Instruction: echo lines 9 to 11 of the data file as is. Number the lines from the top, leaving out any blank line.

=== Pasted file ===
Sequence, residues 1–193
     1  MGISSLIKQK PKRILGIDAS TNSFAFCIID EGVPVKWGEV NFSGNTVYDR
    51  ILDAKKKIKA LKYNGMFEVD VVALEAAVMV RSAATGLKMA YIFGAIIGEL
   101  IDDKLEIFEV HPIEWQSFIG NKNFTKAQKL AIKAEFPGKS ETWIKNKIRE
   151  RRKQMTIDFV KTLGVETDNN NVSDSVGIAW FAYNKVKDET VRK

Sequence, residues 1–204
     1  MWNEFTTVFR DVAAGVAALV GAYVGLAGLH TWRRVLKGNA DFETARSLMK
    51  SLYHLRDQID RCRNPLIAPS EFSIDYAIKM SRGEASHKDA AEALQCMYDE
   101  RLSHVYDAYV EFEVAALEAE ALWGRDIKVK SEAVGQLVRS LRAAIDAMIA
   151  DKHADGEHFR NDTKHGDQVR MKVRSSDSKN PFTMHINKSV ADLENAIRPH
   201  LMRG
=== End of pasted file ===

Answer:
   101  RLSHVYDAYV EFEVAALEAE ALWGRDIKVK SEAVGQLVRS LRAAIDAMIA
   151  DKHADGEHFR NDTKHGDQVR MKVRSSDSKN PFTMHINKSV ADLENAIRPH
   201  LMRG